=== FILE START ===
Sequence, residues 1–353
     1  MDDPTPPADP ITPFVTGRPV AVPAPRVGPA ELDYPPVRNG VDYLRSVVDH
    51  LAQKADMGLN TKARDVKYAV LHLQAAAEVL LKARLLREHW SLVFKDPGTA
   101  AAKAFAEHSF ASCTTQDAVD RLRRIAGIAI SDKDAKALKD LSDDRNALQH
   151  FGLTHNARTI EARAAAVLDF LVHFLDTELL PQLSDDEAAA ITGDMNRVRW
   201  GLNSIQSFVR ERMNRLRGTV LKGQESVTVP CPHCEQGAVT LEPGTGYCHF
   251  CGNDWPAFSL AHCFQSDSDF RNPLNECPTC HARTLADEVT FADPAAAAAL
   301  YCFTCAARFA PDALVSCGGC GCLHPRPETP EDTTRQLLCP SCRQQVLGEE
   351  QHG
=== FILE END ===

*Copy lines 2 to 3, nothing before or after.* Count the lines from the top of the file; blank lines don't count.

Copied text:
     1  MDDPTPPADP ITPFVTGRPV AVPAPRVGPA ELDYPPVRNG VDYLRSVVDH
    51  LAQKADMGLN TKARDVKYAV LHLQAAAEVL LKARLLREHW SLVFKDPGTA